Surreal Welcome to Leningrad
Bank Bridge over the Griboyedov Canal, one of many canals in St. Petersburg (formerly Leningrad), sometimes called “the Venice of the North.”
As a young Foreign Service officer, I arrived in Leningrad in early July 1976 to begin a two-year assignment at the U.S. consulate-general in that city, the second-largest in the USSR. I flew in on a weekend and reported to the consulate on Monday morning. The first order of business, my boss informed me, would be to call on the local branch of the Soviet Foreign Ministry, the organization responsible for all consulates in the city.
We drove there together for a 10 a.m. call. The office was housed in the former “palace” of a czarist prince. It was not a particularly large building (which is why I’ve put quotation marks around “palace”), but it had been restored – after being heavily damaged during World War II – to a state of considerable elegance. A Foreign Ministry functionary greeted us, and we then sat and made small talk over coffee and vodka for perhaps 20 minutes. The coffee was served in beautiful and, doubtless, antique demitasse cups, and the vodka in delicate, cut-glass ryumki, vodka glasses.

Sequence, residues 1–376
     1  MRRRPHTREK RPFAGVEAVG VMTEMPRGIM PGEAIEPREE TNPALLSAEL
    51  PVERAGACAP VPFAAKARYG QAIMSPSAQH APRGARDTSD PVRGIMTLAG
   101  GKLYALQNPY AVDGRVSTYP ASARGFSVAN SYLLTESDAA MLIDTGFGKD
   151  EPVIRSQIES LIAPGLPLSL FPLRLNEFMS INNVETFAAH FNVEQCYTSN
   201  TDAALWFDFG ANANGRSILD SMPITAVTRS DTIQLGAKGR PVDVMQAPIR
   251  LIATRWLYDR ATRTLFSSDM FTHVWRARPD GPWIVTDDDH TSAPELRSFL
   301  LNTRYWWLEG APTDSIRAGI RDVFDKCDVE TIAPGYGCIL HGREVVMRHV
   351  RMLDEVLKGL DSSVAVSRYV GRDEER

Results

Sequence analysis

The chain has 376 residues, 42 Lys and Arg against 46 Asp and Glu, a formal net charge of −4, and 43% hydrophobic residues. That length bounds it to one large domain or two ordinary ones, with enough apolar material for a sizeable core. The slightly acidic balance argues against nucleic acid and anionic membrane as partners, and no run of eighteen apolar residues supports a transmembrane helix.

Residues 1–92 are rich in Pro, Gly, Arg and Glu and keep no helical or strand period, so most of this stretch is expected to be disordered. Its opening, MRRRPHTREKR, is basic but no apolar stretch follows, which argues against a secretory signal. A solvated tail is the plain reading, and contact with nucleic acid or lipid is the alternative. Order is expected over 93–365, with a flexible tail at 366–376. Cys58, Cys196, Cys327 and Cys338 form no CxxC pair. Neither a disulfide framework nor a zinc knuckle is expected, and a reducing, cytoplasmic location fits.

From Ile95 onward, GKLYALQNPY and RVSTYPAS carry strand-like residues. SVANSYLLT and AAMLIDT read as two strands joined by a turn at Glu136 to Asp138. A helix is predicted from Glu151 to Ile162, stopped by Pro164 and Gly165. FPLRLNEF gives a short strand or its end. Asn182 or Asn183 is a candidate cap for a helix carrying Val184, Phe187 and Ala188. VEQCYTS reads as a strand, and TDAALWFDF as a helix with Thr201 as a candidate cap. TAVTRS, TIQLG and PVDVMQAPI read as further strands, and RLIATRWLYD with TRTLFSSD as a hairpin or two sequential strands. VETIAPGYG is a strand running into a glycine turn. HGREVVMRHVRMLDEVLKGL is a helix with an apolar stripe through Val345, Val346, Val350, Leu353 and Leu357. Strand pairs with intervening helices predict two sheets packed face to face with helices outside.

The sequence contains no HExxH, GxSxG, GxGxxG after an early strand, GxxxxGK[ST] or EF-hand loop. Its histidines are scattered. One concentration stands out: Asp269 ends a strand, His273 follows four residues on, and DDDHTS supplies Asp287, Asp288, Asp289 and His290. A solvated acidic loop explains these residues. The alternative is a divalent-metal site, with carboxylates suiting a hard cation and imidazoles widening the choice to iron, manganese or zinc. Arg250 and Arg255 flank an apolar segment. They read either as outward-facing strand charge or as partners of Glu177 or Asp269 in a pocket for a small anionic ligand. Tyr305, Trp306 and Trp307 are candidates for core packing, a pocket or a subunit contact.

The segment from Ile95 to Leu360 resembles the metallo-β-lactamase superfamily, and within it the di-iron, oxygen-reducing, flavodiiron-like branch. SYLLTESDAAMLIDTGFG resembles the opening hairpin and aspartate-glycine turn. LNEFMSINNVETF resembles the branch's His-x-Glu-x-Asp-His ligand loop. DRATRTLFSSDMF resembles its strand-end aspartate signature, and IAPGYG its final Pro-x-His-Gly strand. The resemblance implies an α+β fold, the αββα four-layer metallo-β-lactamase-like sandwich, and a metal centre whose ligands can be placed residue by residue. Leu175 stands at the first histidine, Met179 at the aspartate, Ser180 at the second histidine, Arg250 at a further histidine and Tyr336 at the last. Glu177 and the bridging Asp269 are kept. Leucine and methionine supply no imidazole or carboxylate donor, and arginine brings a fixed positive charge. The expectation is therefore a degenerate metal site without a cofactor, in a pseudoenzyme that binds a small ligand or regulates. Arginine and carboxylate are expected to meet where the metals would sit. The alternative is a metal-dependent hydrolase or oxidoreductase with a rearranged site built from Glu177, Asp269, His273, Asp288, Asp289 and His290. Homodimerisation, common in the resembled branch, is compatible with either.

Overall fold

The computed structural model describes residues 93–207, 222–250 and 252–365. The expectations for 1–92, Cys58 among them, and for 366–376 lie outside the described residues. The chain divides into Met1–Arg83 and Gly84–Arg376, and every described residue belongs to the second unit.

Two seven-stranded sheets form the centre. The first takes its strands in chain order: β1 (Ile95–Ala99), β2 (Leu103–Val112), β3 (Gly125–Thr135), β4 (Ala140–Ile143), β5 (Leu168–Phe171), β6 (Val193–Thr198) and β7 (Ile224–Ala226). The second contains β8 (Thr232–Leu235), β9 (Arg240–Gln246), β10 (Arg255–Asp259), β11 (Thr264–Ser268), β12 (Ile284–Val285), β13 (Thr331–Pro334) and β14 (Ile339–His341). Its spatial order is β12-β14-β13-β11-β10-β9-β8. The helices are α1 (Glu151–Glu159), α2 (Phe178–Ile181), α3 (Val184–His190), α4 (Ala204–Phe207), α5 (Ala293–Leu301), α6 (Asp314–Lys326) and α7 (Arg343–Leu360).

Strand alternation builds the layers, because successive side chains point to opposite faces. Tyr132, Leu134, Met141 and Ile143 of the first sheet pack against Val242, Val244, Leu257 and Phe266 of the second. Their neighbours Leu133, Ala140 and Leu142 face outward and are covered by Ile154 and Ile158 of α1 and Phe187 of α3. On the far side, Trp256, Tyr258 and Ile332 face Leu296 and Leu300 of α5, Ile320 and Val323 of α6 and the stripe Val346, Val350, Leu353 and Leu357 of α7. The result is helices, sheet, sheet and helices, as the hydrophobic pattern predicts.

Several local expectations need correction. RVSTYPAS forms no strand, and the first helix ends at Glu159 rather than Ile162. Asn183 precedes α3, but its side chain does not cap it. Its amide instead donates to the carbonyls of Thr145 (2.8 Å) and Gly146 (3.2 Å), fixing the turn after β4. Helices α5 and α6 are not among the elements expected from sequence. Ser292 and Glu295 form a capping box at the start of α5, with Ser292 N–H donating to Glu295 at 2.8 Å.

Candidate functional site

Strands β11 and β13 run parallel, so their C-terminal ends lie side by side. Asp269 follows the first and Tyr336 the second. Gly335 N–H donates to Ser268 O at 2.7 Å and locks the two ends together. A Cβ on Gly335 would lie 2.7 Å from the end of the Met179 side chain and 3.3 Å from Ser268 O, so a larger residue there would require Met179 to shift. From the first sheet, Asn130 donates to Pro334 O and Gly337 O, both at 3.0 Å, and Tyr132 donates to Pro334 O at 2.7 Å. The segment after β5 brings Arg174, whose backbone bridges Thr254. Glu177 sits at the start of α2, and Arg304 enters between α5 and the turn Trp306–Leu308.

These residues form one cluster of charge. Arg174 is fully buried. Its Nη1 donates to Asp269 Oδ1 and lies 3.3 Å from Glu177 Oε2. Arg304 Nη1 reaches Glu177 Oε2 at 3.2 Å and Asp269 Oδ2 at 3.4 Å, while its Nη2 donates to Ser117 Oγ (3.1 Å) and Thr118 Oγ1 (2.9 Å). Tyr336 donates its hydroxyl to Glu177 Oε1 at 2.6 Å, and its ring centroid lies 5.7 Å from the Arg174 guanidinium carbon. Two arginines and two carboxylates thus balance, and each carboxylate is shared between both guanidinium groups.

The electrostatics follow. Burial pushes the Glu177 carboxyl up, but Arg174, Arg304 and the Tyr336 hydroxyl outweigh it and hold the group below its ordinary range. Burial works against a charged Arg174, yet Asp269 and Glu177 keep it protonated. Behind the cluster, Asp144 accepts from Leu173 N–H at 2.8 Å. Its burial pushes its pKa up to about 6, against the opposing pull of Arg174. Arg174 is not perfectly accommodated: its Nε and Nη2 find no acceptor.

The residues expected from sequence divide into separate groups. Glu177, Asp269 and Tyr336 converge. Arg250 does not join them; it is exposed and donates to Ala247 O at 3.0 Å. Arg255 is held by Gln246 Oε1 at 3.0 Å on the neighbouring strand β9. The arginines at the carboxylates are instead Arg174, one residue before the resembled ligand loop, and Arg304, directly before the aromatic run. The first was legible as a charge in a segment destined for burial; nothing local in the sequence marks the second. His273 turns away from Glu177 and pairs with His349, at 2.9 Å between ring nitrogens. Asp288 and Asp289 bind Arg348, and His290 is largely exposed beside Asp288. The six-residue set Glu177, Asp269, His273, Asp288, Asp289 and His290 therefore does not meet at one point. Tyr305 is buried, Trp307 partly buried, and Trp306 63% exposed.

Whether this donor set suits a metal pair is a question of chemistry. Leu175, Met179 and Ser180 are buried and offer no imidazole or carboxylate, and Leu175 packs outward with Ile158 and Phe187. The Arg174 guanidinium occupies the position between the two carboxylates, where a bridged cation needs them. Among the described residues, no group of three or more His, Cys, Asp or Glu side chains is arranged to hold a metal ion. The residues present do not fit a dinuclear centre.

As we sat and talked I couldn’t keep my mind from wandering. Here I was, in an exquisitely civilized setting, exchanging pleasantries with the representative of a regime that, under Lenin and Stalin, 1917-53, had been responsible for the death of (by the most conservative estimates I’ve seen) at least 20 million of its own innocent civilians in peacetime. The same government, fundamentally unchanged, was still running the Gulag and the full repressive apparatus of a police state. And here we were, chatting while sipping vodka and coffee.
It brought instantly to mind the image of what it must have been like for a diplomat from a neutral country during World War II – perhaps from Switzerland, Portugal or Sweden – newly arrived in Berlin, being greeted in the German Foreign Ministry by a suave representative of the hideous Nazi regime. “A silk stocking filled with shit,” as Napoleon is reputed to have said of Prince Talleyrand.
It was the most surreal experience I have ever had.
My wife, my three month old daughter and I also served at the Consulate in the mid to late 1970’s. I had many experiences with KGB officials. Not bad but certainly unique and to say the least adventurous. I will share these in future postings.
Nice to hear from you, Tom. I’m pretty sure our tours at the Leningrad ConGen overlapped — perhaps just a bit, toward the end of my time there (July 1976 – July 1978). Your name certainly rings a bell. Whom did you succeed/what job did you hold? I was the No. 2 guy in the press & cultural section on the first floor. Would enjoy learning about your experiences. You might also enjoy the story in this link, https://pen4rent.com/recollections-called-forth-by-the-closing-of-americas-st-petersburg-consulate, at the end of which you’ll find additional links of possible interest.